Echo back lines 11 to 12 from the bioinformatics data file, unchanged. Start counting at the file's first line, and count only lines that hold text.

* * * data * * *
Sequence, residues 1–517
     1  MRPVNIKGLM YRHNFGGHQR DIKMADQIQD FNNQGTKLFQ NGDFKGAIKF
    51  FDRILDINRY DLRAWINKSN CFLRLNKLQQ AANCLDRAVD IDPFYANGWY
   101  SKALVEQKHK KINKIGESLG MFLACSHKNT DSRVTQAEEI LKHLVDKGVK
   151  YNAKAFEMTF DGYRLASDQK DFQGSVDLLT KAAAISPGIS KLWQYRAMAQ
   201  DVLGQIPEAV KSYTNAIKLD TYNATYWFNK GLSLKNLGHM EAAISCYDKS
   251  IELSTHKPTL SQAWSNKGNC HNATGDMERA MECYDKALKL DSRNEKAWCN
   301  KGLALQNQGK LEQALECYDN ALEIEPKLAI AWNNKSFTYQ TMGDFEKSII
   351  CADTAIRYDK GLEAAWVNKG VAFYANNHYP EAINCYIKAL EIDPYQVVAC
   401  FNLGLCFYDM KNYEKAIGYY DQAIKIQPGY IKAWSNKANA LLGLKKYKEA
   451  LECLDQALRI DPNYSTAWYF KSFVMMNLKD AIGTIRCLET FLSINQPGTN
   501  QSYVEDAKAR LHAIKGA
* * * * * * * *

   451  LECLDQALRI DPNYSTAWYF KSFVMMNLKD AIGTIRCLET FLSINQPGTN
   501  QSYVEDAKAR LHAIKGA